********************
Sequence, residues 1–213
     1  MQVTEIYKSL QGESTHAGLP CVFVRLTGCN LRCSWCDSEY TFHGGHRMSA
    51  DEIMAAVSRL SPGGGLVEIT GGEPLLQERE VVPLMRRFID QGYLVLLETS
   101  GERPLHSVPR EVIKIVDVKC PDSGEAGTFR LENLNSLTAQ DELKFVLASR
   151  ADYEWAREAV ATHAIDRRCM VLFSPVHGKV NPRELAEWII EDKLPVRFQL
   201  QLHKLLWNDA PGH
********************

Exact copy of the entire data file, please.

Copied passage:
Sequence, residues 1–213
     1  MQVTEIYKSL QGESTHAGLP CVFVRLTGCN LRCSWCDSEY TFHGGHRMSA
    51  DEIMAAVSRL SPGGGLVEIT GGEPLLQERE VVPLMRRFID QGYLVLLETS
   101  GERPLHSVPR EVIKIVDVKC PDSGEAGTFR LENLNSLTAQ DELKFVLASR
   151  ADYEWAREAV ATHAIDRRCM VLFSPVHGKV NPRELAEWII EDKLPVRFQL
   201  QLHKLLWNDA PGH